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A silver lining to white flight? White suburbanization and African–American homeownership, 1940–1980

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  • Boustan, Leah P.
  • Margo, Robert A.

Abstract

Between 1940 and 1980, the homeownership rate among metropolitan African–American households increased by 27 percentage points. Nearly three-quarters of this increase occurred in central cities. We show that rising black homeownership in central cities was facilitated by the movement of white households to the suburban ring, which reduced the price of urban housing units conducive to owner-occupancy. Our OLS and IV estimates imply that 26 percent of the national increase in black homeownership over the period is explained by white suburbanization.

Suggested Citation

  • Boustan, Leah P. & Margo, Robert A., 2013. "A silver lining to white flight? White suburbanization and African–American homeownership, 1940–1980," Journal of Urban Economics, Elsevier, vol. 78(C), pages 71-80.
  • Handle: RePEc:eee:juecon:v:78:y:2013:i:c:p:71-80
    DOI: 10.1016/j.jue.2013.08.001
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    3. Prottoy A. Akbar & Sijie Li & Allison Shertzer & Randall P. Walsh, 2019. "Racial Segregation in Housing Markets and the Erosion of Black Wealth," NBER Working Papers 25805, National Bureau of Economic Research, Inc.
    4. Xu, Hangtian, 2020. "Land Price Fluctuations, Commercial-Residential Segregation, and Gentrification," MPRA Paper 98844, University Library of Munich, Germany.
    5. Kulkarni, Nirupama & Malmendier, Ulrike, 2022. "Homeownership segregation," Journal of Monetary Economics, Elsevier, vol. 129(C), pages 123-149.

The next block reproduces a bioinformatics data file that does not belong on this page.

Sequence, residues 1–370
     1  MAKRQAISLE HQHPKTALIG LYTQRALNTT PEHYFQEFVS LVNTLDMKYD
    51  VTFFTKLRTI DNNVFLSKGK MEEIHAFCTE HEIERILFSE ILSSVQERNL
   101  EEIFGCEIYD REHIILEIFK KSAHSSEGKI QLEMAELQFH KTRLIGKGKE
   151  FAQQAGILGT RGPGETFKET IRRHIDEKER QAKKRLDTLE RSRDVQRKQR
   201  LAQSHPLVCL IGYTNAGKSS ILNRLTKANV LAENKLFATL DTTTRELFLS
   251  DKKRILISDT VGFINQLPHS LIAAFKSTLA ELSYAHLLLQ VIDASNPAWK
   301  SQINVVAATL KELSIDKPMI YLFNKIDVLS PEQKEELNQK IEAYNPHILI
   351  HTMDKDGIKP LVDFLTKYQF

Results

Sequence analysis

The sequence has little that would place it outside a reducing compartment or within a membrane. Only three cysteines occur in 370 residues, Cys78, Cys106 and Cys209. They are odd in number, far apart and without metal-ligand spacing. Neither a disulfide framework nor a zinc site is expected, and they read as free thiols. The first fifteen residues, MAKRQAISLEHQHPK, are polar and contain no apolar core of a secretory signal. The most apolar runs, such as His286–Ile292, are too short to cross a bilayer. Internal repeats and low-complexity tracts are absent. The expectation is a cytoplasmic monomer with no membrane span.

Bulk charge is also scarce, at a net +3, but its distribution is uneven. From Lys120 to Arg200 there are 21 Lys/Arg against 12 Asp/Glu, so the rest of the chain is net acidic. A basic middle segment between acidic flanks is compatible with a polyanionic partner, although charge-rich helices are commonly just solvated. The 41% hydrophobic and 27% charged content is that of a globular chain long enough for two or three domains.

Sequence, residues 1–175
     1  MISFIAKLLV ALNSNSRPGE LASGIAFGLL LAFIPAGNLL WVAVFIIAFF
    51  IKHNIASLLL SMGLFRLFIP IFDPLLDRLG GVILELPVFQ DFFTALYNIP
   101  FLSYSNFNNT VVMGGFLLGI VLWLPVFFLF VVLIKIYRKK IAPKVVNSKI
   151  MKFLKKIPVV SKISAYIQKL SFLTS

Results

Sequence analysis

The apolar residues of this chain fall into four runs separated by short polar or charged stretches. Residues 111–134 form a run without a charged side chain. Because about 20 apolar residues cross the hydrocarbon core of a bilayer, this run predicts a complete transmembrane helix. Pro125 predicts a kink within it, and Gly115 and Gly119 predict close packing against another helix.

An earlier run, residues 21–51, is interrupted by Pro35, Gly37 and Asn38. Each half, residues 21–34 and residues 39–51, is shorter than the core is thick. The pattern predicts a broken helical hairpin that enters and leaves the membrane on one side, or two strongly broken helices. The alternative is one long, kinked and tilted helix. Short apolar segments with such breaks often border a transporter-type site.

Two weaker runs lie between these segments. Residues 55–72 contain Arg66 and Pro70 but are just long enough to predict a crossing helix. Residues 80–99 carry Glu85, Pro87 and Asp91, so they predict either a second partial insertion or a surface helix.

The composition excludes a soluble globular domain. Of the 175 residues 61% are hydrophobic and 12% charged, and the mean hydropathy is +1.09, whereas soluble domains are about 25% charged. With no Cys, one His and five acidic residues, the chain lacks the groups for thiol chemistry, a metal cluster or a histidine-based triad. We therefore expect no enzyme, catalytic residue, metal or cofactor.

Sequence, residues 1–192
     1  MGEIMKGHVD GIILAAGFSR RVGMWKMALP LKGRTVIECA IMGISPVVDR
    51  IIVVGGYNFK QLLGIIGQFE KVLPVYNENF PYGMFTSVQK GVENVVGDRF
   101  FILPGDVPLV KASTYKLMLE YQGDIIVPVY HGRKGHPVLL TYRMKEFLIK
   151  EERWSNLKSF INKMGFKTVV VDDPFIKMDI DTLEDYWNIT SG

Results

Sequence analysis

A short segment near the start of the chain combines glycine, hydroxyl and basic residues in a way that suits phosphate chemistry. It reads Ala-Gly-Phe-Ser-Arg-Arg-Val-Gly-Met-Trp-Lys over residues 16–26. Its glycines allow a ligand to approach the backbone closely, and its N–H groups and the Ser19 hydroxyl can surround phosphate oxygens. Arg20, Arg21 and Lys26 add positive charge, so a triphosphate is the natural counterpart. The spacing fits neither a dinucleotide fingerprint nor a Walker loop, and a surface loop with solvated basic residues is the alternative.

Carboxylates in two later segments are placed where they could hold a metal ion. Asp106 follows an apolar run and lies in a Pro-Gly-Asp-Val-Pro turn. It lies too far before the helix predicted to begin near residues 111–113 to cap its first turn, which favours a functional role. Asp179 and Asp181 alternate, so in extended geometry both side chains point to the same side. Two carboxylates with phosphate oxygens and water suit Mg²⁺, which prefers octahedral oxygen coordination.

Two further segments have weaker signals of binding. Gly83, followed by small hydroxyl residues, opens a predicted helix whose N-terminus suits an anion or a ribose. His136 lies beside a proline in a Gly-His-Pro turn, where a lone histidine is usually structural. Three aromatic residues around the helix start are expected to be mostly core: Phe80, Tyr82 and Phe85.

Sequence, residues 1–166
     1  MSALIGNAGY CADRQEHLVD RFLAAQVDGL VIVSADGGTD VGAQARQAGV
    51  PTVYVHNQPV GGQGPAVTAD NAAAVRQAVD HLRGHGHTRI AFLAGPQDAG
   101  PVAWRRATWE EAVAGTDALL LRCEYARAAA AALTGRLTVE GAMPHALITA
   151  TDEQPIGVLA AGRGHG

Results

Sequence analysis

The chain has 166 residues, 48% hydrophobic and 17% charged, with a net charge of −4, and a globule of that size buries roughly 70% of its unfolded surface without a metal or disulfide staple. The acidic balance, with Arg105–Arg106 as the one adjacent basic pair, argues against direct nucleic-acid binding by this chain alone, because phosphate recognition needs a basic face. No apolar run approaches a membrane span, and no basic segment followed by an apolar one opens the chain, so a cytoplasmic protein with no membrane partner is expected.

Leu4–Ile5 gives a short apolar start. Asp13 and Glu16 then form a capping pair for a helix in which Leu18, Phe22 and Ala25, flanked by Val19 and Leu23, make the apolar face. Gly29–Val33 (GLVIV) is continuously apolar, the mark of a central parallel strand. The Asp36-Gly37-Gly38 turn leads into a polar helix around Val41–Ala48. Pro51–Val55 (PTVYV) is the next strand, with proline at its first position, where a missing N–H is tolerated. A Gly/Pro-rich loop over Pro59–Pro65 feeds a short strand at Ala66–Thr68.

6. Rosenthal, Stuart S. & Ross, Stephen L., 2015. "Change and Persistence in the Economic Status of Neighborhoods and Cities," Handbook of Regional and Urban Economics, in: Gilles Duranton & J. V. Henderson & William C. Strange (ed.), Handbook of Regional and Urban Economics, edition 1, volume 5, chapter 0, pages 1047-1120, Elsevier.
    7. Ilenia Epifani & Rosella Nicolini, 2017. "Modelling population density over time: how spatial distance matters," Regional Studies, Taylor & Francis Journals, vol. 51(4), pages 602-615, April.
    8. Jeffrey Zabel, 2014. "Unintended Consequences: The Impact of Proposition 2½ Overrides on School Segregation in Massachusetts," Education Finance and Policy, MIT Press, vol. 9(4), pages 481-514, October.
    9. Battaglia, Marianna & Chabé-Ferret, Bastien & Lebedinski, Lara, 2021. "Segregation, fertility, and son preference: the case of the Roma in Serbia," Journal of Demographic Economics, Cambridge University Press, vol. 87(2), pages 233-260, June.
    10. Benjamin Austin & Edward Glaeser & Lawrence Summers, 2018. "Jobs for the Heartland: Place-Based Policies in 21st-Century America," Brookings Papers on Economic Activity, Economic Studies Program, The Brookings Institution, vol. 49(1 (Spring), pages 151-255.
    11. Hanlon, W.Walker & Heblich, Stephan, 2022. "History and urban economics," Regional Science and Urban Economics, Elsevier, vol. 94(C).
    12. Xu, Hangtian, 2019. "The burst of the real estate bubble as a promoter of gentrification in Tokyo and Osaka, 1980–2017," MPRA Paper 96803, University Library of Munich, Germany.
    13. Malone, Thom & Redfearn, Christian L., 2018. "Shocks & ossification: The durable hierarchy of neighborhoods in U.S. metropolitan areas from 1970 to 2010," Regional Science and Urban Economics, Elsevier, vol. 69(C), pages 94-121.
    14. Ran Abramitzky, 2015. "Economics and the Modern Economic Historian," NBER Working Papers 21636, National Bureau of Economic Research, Inc.

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